I’m a capitalist, greed might not be good per se, but it is certainly more productive than other options. Even as someone that defends capitalism, I can see that it has its flaws.  I applaud the fact that Warren Buffet has decided his kids should “only” get a million dollars each, in wealth percentage terms, that’s a far lower percentage than most middle class youth get. But wealth disparities in a democracy do lead to aristocracy by another name. If you can use wealth for anything other than vacuous consumerism (you can), then you can use wealth to give your kids a helping hand in a capitalist system. The problem is that this produces a system whereby everyone wants to go up, and no-one wants to go down. In the UK produced an illusion of social mobility, whereby working class kids are meant to go up to the middle class. But the problem is, no-one drops out of the middle class, they just keep going upwards in it. So everyone stays in the same position, and at some point, the ones on the top get more than the ones on the bottom. In Fukuyama’s end state, everyone exists in some free-floating society where ability decides all. There’s two ways this can come about in America. Either there is some unheard of re-distribution of wealth, in which that top 1% divests almost all of its belongings, or the people on the bottom take it. I don’t think either is likely to happen, and I don’t think Fukuyama’s theories, as they stand, can adequately account for this. He pictures history “starting again” because people get bored, but what if it starts again because the very system that he’s envisioning reproduces aristocracy (and by extension, oligarchy) within the liberal democratic state itself, and between states? Does that count? In my mind, that’s history continuing in a fashion which his Hegelian history can’t account for. Fukuyama’s “out” on this is political decay, which I think is a perfectly okay concept and process. Fukuyama, however, seems to use this as a “heads I win, tails you lose” argument.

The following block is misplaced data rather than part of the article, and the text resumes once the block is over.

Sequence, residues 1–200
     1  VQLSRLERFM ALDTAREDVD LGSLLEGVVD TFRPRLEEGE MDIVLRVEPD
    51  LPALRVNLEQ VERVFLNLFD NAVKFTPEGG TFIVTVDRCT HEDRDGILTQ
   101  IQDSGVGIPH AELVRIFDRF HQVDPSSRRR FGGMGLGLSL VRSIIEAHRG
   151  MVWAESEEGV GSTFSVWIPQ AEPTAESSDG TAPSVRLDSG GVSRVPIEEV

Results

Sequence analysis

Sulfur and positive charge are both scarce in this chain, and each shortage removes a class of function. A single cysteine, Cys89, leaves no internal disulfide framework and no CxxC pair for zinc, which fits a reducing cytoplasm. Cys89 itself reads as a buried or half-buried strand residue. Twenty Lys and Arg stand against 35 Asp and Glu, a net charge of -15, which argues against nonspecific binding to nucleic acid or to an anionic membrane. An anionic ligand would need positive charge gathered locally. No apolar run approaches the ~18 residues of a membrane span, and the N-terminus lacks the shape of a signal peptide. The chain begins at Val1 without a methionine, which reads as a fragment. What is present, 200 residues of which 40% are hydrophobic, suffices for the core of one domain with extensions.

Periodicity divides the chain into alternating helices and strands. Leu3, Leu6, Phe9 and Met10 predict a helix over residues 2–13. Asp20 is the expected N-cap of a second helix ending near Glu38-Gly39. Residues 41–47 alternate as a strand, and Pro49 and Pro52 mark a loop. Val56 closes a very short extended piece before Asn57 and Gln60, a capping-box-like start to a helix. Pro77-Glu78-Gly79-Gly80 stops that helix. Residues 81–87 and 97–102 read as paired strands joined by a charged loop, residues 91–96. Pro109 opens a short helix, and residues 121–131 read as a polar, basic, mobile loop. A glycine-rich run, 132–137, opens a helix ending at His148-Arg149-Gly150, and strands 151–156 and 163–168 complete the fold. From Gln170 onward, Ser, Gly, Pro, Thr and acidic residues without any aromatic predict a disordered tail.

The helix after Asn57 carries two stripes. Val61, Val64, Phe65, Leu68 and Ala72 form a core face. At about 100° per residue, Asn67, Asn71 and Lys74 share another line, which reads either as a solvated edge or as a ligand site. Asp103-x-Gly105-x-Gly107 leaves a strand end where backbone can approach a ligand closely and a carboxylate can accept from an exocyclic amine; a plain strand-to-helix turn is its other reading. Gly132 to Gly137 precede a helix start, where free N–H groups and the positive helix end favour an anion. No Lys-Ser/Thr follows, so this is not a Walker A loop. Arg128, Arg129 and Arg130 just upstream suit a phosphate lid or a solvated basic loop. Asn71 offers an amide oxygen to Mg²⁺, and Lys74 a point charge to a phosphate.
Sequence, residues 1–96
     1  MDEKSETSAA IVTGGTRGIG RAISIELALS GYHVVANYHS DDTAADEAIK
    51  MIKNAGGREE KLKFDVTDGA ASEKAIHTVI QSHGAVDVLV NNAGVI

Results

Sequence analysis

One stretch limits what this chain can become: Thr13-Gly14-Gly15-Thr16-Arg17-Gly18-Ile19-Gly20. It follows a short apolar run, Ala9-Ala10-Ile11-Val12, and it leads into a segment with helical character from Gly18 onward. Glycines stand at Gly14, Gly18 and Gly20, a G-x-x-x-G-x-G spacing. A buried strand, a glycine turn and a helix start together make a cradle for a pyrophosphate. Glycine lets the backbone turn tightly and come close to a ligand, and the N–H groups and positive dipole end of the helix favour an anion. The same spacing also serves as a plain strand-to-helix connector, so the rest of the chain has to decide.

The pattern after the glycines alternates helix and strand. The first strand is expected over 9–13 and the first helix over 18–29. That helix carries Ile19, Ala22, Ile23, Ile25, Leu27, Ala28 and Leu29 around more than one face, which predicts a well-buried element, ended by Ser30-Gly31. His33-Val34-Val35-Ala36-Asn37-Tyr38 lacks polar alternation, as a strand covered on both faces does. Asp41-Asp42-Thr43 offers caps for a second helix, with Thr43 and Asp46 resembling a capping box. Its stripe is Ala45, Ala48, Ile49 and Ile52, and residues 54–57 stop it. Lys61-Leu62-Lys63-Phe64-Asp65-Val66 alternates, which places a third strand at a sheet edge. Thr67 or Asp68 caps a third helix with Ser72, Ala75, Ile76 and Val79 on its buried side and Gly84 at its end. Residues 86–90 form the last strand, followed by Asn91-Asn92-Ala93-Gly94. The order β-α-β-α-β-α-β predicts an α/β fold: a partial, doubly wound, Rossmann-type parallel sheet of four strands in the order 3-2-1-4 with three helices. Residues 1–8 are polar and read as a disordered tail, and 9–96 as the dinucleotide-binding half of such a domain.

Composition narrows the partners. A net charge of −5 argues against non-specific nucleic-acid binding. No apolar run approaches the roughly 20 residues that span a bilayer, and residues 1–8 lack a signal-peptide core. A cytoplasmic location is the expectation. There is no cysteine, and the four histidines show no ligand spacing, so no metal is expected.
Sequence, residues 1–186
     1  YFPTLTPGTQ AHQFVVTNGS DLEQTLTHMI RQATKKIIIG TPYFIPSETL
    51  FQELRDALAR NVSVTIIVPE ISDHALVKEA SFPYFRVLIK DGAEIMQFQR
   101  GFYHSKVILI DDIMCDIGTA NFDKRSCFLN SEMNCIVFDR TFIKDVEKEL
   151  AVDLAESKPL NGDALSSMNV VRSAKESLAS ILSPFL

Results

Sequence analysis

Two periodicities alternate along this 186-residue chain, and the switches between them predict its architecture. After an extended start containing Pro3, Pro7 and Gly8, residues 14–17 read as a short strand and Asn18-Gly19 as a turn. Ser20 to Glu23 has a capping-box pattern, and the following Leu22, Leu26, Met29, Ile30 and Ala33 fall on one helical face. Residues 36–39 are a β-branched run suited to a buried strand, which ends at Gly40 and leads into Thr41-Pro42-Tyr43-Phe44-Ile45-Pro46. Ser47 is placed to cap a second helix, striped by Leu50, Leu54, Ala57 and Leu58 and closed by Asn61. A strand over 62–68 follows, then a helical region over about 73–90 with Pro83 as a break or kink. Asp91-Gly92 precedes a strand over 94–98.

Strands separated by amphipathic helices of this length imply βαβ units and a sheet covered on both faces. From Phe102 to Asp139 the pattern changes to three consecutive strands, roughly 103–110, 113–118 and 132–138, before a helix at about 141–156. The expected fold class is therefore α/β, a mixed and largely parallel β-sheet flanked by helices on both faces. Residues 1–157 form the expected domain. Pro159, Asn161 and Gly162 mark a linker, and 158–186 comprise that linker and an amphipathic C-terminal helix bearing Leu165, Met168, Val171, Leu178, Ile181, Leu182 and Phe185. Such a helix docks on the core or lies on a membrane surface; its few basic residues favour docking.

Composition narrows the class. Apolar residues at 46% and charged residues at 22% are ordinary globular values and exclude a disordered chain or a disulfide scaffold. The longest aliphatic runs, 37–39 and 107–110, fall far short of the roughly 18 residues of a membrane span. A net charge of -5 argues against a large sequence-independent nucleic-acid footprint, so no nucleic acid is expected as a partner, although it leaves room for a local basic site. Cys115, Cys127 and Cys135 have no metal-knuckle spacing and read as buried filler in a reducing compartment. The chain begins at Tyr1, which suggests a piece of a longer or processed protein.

Drawing the lens back from internal contradictions, On The Origins is trying to shoe horn history into Fukuyama’s Hegelian world view. This is understandable. On a human level, I think Hegelianism is an entirely rational belief system. We, as humans, like to think that our belief systems are right, that they have a point. I sympathise with Fukuyama in his efforts to prove liberal democracy is better than its competitors. I, too, think liberal democracy is the best goddamn system yet invented. The obvious difference being “yet”. I might not have any truly rational basis for my beliefs (since relativists pointed out that there is none) but I’ll happily defend democracy against any other system, even though this belief is at some nucleic core, irrational. At a level of personal choice, I’d rather that than be a fence-sitting relativist who sees no moral difference between Auschwitz, Hiroshima and treading on an ant. However, Fukuyama can’t accept this relativism, and in this, I think his idealism blinds him to the flaws in his Hegelian world view. The simplest philosophical argument against this is, I think, Hofstadter’s use of Godel’s incompleteness theorem in Godel, Escher, Bach: An Eternal Golden Braid. The book itself is in my top-five life changing reads, and the philosophical calculus can be off putting. To summarise: Godel proved that it was impossible to prove the completeness of any system from its axioms. What Fukuyama is trying to do is in effect prove the completeness of liberal democracy from axioms of human nature and history. Irrespective of the validity of his axioms, it is an impossible task. At the end of the day, he is probably better off arguing that liberal democracy is the best game in town, rather than trying to prove its perfection. On the Origins does a great job of constructing the first part of an argument for the former statement, but leaves far too many open questions to prove the latter.